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Keith Johnson, Deseret News

HEBER CITY — She was just a second-grader playing on a Junior Jazz team with third-, fourth- and fifth-graders when Roger Pyper first met Kim Parker. Even then, it was apparent she was something special.

"She grew up here (in Heber City)," said Pyper, the head coach for Wasatch High. "We knew what we had ... She is just a great athlete. You get players who are good at some things, but you get the whole package with Kim."

Parker's athletic abilities are just part of the reason she was named the Deseret News' 2009 Ms. Basketball. In addition to being a 3.99 student, Parker was the only returning starter on this year's defending state championship team. Her leadership skills and the way she brought out the best in her teammates set her apart from a very talented field of athletes.

"She was so good as a freshman that we just designed the next three years around what she could do," said Pyper.

Parker's versatility, which included playing every position on the floor at one time or another, gave the coach options others could only envy. "We could mix up our defenses," he said. "We could put her on a 6-2 post or a 5-3 guard, and defensively, she'd get the job done.

There is no question Kim can score. And teams could take away her ability to score at times. But if they did, and the other players were where they were supposed to be, Kim can find them.

That is exactly what the future BYU Cougar did this season as she led the group of first-year varsity starters to the school's second straight 3A girls basketball title. Parker averaged 17 points and nearly nine rebounds per game. She also averaged 3.9 assists, 4.4 steals, 5.9 deflections, two blocks and one 3-pointer per contest.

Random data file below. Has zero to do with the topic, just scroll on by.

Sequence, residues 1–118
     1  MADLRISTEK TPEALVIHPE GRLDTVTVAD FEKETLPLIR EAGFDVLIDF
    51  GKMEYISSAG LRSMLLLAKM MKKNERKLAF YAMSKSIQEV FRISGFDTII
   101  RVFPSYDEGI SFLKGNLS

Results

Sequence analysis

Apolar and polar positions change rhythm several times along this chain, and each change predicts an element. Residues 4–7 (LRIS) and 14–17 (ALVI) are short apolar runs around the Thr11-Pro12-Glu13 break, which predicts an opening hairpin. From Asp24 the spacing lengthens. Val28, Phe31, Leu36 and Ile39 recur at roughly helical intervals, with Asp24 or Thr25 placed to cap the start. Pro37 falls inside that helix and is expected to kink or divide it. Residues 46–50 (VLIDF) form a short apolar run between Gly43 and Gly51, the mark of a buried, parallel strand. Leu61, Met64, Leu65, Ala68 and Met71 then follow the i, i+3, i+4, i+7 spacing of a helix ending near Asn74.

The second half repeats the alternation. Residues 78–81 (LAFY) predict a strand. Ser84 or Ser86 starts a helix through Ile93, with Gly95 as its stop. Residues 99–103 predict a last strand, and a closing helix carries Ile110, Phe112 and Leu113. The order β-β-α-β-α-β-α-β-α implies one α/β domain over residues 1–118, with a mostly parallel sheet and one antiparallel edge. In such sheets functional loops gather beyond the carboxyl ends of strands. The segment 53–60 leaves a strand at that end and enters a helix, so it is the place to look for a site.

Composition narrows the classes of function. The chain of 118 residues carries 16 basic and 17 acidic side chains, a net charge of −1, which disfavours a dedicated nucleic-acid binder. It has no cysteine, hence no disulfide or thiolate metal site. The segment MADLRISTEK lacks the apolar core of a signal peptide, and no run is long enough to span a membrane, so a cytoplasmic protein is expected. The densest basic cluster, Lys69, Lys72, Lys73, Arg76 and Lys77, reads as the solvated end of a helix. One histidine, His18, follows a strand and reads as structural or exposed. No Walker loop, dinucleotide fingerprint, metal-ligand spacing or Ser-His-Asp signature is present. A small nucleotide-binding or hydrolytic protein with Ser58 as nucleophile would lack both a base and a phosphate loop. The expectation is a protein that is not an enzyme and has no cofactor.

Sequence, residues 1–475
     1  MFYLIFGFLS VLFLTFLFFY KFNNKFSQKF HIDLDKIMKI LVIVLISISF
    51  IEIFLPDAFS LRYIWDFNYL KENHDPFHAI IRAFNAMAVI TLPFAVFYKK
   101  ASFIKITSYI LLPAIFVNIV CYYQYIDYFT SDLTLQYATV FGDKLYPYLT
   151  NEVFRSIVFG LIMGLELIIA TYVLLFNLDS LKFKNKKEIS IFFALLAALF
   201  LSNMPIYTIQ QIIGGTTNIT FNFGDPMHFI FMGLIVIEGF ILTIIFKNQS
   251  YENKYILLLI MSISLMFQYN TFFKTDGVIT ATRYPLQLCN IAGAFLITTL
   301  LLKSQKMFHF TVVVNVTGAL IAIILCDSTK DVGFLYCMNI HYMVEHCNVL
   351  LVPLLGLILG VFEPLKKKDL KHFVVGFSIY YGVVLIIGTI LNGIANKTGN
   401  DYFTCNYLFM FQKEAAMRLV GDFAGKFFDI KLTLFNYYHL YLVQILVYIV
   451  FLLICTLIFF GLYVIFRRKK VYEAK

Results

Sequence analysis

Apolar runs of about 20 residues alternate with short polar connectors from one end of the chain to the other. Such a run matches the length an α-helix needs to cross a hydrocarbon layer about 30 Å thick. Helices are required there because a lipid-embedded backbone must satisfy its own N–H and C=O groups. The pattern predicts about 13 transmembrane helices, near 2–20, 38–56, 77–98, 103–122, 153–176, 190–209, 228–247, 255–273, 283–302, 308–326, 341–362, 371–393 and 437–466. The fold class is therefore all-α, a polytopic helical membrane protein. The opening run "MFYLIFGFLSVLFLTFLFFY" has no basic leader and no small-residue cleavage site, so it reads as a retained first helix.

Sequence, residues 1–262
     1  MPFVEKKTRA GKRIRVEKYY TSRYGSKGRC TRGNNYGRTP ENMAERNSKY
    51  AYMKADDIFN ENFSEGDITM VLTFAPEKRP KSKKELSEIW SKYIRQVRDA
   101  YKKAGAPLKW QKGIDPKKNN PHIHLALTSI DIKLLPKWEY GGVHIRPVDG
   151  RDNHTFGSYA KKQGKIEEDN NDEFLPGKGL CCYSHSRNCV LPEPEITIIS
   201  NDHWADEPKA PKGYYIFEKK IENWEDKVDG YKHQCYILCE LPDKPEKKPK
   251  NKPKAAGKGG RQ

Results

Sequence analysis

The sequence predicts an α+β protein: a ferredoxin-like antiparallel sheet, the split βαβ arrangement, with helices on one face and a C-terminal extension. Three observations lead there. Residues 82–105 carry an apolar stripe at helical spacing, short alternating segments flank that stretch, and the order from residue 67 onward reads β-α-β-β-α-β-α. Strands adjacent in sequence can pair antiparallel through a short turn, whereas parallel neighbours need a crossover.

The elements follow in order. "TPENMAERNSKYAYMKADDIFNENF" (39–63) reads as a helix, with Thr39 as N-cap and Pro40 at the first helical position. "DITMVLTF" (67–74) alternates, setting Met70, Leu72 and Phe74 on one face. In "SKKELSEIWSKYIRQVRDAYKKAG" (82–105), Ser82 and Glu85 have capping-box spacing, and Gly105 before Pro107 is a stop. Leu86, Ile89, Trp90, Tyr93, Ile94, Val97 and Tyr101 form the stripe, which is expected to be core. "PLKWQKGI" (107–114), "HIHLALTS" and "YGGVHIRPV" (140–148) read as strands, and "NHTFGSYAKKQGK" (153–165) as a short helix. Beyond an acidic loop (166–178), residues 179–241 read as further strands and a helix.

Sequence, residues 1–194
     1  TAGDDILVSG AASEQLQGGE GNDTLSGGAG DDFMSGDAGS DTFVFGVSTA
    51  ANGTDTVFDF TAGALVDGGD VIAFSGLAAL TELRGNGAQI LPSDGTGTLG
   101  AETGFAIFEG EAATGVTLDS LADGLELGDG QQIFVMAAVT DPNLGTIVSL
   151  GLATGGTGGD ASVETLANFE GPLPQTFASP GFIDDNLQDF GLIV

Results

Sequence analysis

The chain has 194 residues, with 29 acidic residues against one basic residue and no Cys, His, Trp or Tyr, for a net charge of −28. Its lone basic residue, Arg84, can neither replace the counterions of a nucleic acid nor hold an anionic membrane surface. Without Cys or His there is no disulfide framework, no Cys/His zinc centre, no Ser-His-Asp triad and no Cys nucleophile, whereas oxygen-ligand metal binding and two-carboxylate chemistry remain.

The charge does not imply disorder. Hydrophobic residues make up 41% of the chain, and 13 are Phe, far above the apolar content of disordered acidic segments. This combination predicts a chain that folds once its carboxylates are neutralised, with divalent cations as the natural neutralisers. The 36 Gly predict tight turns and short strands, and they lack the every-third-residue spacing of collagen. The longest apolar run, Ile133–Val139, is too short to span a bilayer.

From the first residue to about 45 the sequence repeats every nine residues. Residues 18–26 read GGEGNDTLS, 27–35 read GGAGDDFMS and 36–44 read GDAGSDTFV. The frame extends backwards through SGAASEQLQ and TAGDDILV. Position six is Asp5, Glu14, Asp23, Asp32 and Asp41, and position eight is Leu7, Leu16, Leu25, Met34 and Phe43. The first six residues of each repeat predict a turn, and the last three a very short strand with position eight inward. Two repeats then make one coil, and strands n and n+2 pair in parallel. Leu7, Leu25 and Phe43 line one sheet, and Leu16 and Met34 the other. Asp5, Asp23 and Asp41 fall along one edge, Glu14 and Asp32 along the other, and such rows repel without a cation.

It would be easy for Parker to develop a bit of an ego as she's earned all-state honors in soccer and basketball every season she's played. But Pyper said she has never acted like she's any better than any other player at practice.

"She is just a dream," said Pyper. "She accepts whatever role we need. Last year, we had Tara (Gehring) and she was just happy to help Tara out ... This year, she knew she had to step it up and take over that leadership role."

If Kim Parker has a flaw as a basketball player, it may be that she is too nice.

"She doesn't want to hurt anyone," said her father, Lindsay Parker. "She doesn't want to be mean. So that makes her too unselfish at times, and maybe she passes the ball too much. But I'd rather she be a nice person than a great basketball player."

Luckily, Kim Parker is both. In fact, when she does struggle, she deals with it by working just a little harder.

"She can get frustrated," said Pyper with a little laugh, "but she takes her frustration out on her opponents. Not in a bad way but in getting rebounds, stealing the ball, scoring points. She doesn't take it out on her teammates or anyone else."

Pyper said he has no doubt Parker will be successful in both her college basketball career and whatever else she chooses to take on.

"I have been very fortunate to coach some absolutely terrific athletes and Kim ranks right up there with the best of them," Pyper said. "She's the one who led us through to a 48-2 record (the last two years)."

E-MAIL: adonaldson@desnews.com